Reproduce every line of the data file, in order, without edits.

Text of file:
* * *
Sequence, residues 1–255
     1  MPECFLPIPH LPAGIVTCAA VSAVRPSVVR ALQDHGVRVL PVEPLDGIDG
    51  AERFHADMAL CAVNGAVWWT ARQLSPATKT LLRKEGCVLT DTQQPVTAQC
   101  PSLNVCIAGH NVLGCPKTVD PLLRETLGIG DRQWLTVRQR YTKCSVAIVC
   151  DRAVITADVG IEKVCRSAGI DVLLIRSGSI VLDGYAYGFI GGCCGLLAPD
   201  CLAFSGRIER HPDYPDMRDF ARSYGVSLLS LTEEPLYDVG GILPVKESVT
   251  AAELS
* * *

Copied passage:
Sequence, residues 1–255
     1  MPECFLPIPH LPAGIVTCAA VSAVRPSVVR ALQDHGVRVL PVEPLDGIDG
    51  AERFHADMAL CAVNGAVWWT ARQLSPATKT LLRKEGCVLT DTQQPVTAQC
   101  PSLNVCIAGH NVLGCPKTVD PLLRETLGIG DRQWLTVRQR YTKCSVAIVC
   151  DRAVITADVG IEKVCRSAGI DVLLIRSGSI VLDGYAYGFI GGCCGLLAPD
   201  CLAFSGRIER HPDYPDMRDF ARSYGVSLLS LTEEPLYDVG GILPVKESVT
   251  AAELS